Black incarceration rates would make King weep | Opinion


In the spring of 1997, my future brother-in-law and I drove through Detroit’s east side, with 8Ball & MJG booming from the sound system. En route to his mother’s house, we passed blighted blocks, laced with vacant houses and abandoned buildings, some so hollowed out that brush and trees had reclaimed them.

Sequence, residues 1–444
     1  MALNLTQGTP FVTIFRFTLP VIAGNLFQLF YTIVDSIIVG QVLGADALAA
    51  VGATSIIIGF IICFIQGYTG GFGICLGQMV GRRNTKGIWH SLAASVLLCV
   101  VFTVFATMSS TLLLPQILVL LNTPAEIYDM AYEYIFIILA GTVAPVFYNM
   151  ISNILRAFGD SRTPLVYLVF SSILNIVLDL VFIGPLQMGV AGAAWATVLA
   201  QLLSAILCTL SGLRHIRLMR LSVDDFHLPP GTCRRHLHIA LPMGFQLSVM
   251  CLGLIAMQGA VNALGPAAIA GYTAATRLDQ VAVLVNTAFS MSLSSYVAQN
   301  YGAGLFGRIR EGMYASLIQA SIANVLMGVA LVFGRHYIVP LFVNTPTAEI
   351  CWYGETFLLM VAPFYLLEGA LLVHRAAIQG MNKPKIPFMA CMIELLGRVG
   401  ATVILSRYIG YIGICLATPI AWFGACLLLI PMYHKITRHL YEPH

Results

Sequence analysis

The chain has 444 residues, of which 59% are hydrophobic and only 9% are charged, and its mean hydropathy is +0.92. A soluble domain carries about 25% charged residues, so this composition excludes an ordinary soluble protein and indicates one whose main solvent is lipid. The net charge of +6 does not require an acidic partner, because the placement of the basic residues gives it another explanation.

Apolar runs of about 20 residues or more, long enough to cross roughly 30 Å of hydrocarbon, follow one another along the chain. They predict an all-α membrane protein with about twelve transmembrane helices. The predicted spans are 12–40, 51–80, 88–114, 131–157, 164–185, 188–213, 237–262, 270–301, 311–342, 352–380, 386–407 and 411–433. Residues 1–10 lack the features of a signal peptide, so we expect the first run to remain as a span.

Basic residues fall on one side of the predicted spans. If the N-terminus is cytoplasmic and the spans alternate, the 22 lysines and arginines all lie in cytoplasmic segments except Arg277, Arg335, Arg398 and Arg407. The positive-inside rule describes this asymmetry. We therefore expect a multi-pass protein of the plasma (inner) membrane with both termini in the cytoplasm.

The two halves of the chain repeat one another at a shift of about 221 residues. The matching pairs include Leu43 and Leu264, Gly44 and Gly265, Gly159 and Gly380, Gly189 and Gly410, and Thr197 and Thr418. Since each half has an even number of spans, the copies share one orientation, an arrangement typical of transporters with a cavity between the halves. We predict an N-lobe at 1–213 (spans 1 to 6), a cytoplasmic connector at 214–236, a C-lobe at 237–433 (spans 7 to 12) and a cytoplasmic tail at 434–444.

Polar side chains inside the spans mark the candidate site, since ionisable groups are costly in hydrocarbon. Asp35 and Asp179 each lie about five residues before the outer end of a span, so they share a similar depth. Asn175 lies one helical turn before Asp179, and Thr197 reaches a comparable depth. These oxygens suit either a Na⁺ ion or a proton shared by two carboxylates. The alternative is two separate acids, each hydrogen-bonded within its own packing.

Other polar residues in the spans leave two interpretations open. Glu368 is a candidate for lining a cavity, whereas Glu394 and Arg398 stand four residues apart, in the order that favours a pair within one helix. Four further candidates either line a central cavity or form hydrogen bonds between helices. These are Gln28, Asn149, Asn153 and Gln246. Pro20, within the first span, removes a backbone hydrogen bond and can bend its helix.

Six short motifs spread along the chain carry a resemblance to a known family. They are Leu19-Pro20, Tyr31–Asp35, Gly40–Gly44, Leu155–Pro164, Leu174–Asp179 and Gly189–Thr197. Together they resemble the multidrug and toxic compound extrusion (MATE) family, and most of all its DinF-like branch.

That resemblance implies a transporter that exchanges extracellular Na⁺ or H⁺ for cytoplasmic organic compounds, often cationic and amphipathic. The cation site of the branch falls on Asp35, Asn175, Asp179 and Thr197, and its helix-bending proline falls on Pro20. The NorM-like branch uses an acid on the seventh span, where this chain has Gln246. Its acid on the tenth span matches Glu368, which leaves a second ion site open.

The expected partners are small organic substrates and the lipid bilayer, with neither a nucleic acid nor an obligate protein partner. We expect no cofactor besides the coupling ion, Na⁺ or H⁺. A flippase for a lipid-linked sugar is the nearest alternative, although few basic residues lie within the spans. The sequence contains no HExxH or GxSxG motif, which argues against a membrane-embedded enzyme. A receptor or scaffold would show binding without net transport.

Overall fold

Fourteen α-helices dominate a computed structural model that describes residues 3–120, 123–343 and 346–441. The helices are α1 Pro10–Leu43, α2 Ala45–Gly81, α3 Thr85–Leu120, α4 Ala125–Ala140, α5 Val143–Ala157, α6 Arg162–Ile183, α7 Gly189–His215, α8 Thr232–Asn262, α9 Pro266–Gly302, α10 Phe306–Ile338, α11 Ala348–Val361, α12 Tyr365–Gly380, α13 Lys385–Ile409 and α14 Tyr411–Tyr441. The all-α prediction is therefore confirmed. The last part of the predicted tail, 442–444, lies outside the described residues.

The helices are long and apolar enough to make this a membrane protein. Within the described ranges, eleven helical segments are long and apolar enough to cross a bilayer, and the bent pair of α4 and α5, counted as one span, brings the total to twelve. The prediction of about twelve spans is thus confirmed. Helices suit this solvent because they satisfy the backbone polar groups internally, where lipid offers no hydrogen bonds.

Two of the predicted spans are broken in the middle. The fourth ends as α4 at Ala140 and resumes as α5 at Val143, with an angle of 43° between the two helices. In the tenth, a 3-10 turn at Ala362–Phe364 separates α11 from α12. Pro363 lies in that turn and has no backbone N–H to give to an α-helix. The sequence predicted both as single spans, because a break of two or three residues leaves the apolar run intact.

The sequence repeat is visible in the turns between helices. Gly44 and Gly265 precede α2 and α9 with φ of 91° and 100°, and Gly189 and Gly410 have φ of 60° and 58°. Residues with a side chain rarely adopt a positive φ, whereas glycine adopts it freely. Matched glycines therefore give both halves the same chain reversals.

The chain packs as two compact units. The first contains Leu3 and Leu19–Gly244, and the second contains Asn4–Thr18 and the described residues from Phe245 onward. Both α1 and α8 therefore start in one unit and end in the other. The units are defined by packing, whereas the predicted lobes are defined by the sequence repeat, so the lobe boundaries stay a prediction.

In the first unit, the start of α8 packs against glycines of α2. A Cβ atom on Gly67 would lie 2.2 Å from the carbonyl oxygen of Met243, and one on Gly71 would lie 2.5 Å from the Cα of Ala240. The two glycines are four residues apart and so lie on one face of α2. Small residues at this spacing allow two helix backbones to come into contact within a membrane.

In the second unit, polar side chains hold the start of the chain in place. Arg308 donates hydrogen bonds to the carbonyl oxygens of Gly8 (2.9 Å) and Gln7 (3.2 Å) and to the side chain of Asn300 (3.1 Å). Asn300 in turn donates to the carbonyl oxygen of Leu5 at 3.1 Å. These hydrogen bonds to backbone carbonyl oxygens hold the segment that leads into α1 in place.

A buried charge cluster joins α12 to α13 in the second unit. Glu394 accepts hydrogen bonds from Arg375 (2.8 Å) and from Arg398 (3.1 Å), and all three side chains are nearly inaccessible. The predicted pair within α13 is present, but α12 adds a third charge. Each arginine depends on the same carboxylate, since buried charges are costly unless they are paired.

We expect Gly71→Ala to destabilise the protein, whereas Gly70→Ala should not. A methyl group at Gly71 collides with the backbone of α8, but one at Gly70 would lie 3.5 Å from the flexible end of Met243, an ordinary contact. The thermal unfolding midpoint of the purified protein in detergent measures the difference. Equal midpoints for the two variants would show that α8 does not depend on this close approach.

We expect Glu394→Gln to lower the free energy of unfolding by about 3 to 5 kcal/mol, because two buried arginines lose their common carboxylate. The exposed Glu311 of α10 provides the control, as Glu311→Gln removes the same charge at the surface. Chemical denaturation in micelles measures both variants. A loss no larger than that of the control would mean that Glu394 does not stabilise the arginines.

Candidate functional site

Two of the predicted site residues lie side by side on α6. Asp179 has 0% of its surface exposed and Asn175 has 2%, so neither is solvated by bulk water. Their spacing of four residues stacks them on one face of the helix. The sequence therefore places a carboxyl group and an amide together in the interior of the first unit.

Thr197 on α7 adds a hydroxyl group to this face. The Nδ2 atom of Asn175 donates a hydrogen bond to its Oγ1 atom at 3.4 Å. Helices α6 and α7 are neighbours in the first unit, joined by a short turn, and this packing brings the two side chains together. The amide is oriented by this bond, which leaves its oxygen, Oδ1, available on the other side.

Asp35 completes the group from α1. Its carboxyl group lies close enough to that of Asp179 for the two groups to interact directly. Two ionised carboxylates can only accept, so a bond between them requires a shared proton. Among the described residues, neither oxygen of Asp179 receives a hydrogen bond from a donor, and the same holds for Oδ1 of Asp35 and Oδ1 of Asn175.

I had just landed a job at the Detroit Free Press, where I worked for nearly 20 years, writing about, among other things, prisons, urban issues, and the criminal justice system.

Shannon had just gotten out of prison, after serving four years for a drug offense.

We were feeling good, kicking it. Shannon talked about growing up here: Getting shot at 15 and selling drugs to…

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